According to the National Health Statistics, in 2007 the total number of physician office visits approached one billion. I know that number is so 2007, but imagine how many that would be now that 2014 is almost over. Many of us have visited a physician’s office at least once if not more this year and will probably continue to do so again next year.
Numerous outbreak reports have described transmission of Gram-negative and Gram-positive bacteria, mycobacteria, viruses, and parasites in the ambulatory settings. In many instances, outbreaks and other adverse events were associated with breakdowns in basic infection prevention procedures (e.g., reuse of syringes leading to transmission of bloodborne viruses).
So you see where this is heading…yes..better infection control practice in physician offices. Patients deserve the same level of infection control protection whether they are treated in a hospital or ambulatory care setting, including physician offices. No..there shouldn’t be any difference in infection control practices. It is that simple yet I have seen many nurses practicing in physician offices who either forget this concept or think it doesnt apply to them since most infection control guides are geared towards hospital practice.
The CDC’s “Guide for Infection Prevention in Outpatient Settings: Minimum Expectations for Safe Care” is a summary guide of infection prevention recommendations for outpatient (ambulatory care) settings. The recommendations included in this document are not new but rather reflect existing evidence-based guidelines produced by the Centers for Disease Control and Prevention and the Healthcare Infection Control Practices Advisory Committee. This summary guide is based primarily upon elements of Standard Precautions and represents the minimum infection prevention expectations for safe care in ambulatory care settings.
Key recommendations for safe injection practices in ambulatory care settings:
1. Use aseptic technique when preparing and administering medications
2. Cleanse the access diaphragms of medication vials with 70% alcohol before inserting a device into the vial
3. Never administer medications from the same syringe to multiple patients, even if the needle is changed or the injection is administered through an intervening length of intravenous tubing
4. Do not reuse a syringe to enter a medication vial or solution
5. Do not administer medications from single-dose or single-use vials, ampoules, or bags or bottles of intravenous solution to more than one patient
6. Do not use fluid infusion or administration sets (e.g., intravenous tubing) for more than one patient
7. Dedicate multidose vials to a single patient whenever possible. If multidose vials will be used for more than one patient, they should be restricted to a centralized medication area and should not enter the immediate patient treatment area (e.g., operating room, patient room/cubicle)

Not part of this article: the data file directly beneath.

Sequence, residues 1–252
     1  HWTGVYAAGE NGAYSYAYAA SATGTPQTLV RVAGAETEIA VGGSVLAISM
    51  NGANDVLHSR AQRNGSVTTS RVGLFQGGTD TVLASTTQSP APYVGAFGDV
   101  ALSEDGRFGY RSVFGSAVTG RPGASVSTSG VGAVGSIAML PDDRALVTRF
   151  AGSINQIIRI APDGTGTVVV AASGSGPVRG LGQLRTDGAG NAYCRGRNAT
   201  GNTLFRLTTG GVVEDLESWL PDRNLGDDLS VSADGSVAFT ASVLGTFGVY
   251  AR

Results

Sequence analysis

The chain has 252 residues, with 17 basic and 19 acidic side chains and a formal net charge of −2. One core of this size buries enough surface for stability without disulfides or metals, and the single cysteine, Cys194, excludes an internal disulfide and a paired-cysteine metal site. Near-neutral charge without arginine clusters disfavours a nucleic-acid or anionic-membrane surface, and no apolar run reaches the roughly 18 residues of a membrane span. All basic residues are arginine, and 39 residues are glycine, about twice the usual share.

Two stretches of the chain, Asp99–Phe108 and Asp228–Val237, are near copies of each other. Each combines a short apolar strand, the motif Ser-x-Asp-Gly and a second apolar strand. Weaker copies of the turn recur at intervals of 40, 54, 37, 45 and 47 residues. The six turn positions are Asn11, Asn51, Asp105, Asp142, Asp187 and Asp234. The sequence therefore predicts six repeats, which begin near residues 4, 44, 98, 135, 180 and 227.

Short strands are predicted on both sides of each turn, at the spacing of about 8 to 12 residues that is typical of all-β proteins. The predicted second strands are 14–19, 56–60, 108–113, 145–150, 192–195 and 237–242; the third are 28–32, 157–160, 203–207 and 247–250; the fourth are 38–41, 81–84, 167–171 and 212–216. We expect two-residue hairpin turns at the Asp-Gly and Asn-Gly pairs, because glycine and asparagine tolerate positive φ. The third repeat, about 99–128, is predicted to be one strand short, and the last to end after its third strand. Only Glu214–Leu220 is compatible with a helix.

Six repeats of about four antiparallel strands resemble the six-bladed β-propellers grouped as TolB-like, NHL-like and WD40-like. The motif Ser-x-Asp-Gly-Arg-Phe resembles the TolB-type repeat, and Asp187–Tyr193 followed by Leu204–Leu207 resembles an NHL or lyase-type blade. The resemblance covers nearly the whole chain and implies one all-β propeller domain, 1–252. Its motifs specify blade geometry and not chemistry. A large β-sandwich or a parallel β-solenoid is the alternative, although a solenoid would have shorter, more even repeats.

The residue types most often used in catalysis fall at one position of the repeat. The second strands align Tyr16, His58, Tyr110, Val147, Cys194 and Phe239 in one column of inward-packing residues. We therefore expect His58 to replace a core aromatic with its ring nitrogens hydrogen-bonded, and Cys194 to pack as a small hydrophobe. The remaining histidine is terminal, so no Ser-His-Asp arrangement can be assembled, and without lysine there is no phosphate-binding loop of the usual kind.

8. Dispose of used syringes and needles at the point of use in a sharps container that is closable, puncture-resistant, and leak-proof.
9. Adhere to federal and state requirements for protection of HCP from exposure to bloodborne pathogens
So if there are CDC guidelines for outpatient settings, why is it still an issue? Just a few thoughts on this..
- Absence or lack of infection control policies
- Lack of education and training on basic infection control practices
- No compliance monitoring of the practitioners
- No infrastructure to support an infection control specialist
- Lack of quality measures or reporting mechanism for outbreaks and breaches
- Lack of handwashing provisions in patient/treatment areas
Physician offices and other ambulatory care settings are structured differently than acute care facilities. If the physician office practice is part of a large hospital system or medical groups, infection control education and training are mandatory. Unfortunately, many are single /private practice offices and don’t have the infection control policies and other resources. In some cases, they simply don’t care because there’s no regulatory agencies to police them, unless they are involved in such outbreaks. Many nurses work alone and become pre-occupied with tasks to get patients out the door, in some cases at the expense of implementing good infection control practices. Sad but true…
All patients deserve the same level of infection control protection whether they are treated in a hospital or ambulatory care setting; what if that patient is your mother/family member or a loved one?
- Hsiao CJ, Cherry DK, Beatty PC, Rechsteiner EA. National Ambulatory Medical Care Survey: 2007 summary. National health statistics reports; no 27. Hyattsville, MD: National Center for Health Statistics. 2010.
- Thompson ND, Perz JF, Moorman AC, Holmberg SD. Nonhospital Health Care-Associated Hepatitis B and C Virus Transmission: United States, 1998-2008. Annals of Internal Medicine. 2009;150:33-39.
- “Guide for Infection Prevention in Outpatient Settings: Minimum Expectations for Safe Care”